The Puerto Rico unit of Wal-Mart Stores Inc. sued the island’s government, seeking to overturn a new tax the retailer calls unfairly high.
Enacted in May, Puerto Rico’s Act 72-2015 increases to 6.5 percent from 2 percent the tax on goods imported from offshore affiliates to local companies with gross revenues of more than $2.75 billion.
The increase comes as the U.S. commonwealth struggles to restructure $70 billion in debt, more than every U.S. state but New York and California. This week, the U.S. Supreme Court agreed to consider reinstating a law that would let Puerto Rico’s debt-ridden public utilities restructure their obligations.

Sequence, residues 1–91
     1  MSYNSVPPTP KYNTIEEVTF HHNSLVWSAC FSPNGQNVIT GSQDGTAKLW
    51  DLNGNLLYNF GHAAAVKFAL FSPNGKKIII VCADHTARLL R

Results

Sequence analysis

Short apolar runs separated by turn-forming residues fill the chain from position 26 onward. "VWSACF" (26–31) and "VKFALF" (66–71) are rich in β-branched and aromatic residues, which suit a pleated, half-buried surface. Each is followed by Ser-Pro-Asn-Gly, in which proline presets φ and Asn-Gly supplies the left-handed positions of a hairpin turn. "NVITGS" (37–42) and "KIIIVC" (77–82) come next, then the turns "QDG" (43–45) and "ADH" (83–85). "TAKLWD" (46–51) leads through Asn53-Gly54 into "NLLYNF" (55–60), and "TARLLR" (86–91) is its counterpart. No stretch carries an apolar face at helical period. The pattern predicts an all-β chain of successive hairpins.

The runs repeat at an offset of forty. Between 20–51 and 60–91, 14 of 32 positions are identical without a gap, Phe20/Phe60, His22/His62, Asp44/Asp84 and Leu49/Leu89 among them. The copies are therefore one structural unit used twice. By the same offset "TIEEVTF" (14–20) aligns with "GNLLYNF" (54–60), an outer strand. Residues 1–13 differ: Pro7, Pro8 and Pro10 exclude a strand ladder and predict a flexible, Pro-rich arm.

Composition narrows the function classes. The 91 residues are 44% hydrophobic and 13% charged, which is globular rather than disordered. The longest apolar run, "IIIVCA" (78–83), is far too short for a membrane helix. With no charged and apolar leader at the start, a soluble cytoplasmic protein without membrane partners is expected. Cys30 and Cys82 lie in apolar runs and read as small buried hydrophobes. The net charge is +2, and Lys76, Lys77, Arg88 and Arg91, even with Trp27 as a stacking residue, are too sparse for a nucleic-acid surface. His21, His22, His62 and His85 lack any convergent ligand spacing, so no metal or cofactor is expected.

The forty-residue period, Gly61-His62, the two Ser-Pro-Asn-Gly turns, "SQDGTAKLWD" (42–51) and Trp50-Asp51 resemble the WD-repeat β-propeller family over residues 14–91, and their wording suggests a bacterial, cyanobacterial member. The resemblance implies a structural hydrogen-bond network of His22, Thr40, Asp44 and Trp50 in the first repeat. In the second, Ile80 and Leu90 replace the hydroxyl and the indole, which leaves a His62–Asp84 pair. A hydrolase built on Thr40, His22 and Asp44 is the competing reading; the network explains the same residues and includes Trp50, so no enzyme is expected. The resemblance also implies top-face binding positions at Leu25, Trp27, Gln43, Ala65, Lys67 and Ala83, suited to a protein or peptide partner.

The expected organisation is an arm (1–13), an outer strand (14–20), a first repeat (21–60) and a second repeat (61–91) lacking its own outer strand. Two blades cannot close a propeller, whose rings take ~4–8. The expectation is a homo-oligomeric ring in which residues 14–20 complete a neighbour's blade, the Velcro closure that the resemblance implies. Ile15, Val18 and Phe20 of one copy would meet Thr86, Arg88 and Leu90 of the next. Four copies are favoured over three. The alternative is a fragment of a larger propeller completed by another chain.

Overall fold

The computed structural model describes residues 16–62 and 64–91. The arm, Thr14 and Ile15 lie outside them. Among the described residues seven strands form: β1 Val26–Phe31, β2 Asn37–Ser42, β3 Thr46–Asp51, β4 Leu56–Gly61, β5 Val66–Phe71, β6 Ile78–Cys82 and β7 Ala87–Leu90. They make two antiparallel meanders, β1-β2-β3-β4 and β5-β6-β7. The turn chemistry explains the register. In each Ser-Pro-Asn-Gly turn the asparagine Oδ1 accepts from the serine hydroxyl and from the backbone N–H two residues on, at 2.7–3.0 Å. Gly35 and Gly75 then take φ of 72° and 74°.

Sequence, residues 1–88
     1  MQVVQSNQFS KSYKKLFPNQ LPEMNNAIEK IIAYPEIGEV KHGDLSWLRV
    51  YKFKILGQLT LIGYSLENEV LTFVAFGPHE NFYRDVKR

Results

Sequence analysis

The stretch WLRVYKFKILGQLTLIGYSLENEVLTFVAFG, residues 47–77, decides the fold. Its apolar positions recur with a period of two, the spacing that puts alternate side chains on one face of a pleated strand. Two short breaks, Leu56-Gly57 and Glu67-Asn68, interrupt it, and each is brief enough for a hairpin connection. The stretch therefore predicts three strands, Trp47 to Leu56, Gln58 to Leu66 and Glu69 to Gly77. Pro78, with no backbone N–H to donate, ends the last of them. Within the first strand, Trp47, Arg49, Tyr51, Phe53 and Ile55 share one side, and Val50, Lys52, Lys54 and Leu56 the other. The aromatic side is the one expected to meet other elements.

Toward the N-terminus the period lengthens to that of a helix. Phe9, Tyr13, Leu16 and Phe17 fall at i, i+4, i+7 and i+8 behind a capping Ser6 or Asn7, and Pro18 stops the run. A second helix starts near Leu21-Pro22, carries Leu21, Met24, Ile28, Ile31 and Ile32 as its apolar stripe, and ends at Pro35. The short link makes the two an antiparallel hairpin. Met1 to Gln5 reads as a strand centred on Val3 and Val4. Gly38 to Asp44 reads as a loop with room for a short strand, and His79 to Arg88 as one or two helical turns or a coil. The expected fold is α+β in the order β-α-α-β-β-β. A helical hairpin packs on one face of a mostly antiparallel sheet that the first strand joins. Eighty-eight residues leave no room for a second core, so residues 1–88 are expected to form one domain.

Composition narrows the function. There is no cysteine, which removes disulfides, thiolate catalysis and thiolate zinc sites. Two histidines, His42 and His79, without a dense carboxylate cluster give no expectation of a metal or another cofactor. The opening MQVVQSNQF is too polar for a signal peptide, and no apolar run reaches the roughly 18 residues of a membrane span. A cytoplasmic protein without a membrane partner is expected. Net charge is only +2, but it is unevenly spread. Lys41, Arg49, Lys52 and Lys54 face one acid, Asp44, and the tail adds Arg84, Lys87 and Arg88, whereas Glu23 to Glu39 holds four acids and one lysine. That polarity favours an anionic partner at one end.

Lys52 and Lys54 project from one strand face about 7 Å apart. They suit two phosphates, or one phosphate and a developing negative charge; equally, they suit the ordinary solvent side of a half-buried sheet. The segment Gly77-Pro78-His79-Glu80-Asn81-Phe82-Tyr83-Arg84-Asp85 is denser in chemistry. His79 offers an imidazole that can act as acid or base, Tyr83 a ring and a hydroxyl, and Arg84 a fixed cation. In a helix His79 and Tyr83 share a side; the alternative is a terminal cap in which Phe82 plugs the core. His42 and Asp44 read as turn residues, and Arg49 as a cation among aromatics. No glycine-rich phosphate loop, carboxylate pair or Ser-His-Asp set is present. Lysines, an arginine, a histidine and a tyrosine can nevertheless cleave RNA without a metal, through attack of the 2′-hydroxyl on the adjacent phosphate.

The new levy raised the estimated cumulative income tax on Wal-Mart Puerto Rico Inc. “to an astonishing and unsustainable 91.5% of its net income,” according to the company’s complaint, filed in federal court in San Juan Friday.
Bentonville, Arkansas-based Wal-Mart, the largest U.S. retailer, is Puerto Rico’s biggest private employer and hands over more sales tax to the island government than any other business, according to its lawyers. They’re asking a federal judge to declare the new measure unconstitutional and block its enforcement.
The case is Wal-Mart Puerto Rico Inc. v. Zaragoza-Gomez, 15-cv-3018, U.S. District Court, District of Puerto Rico (San Juan).
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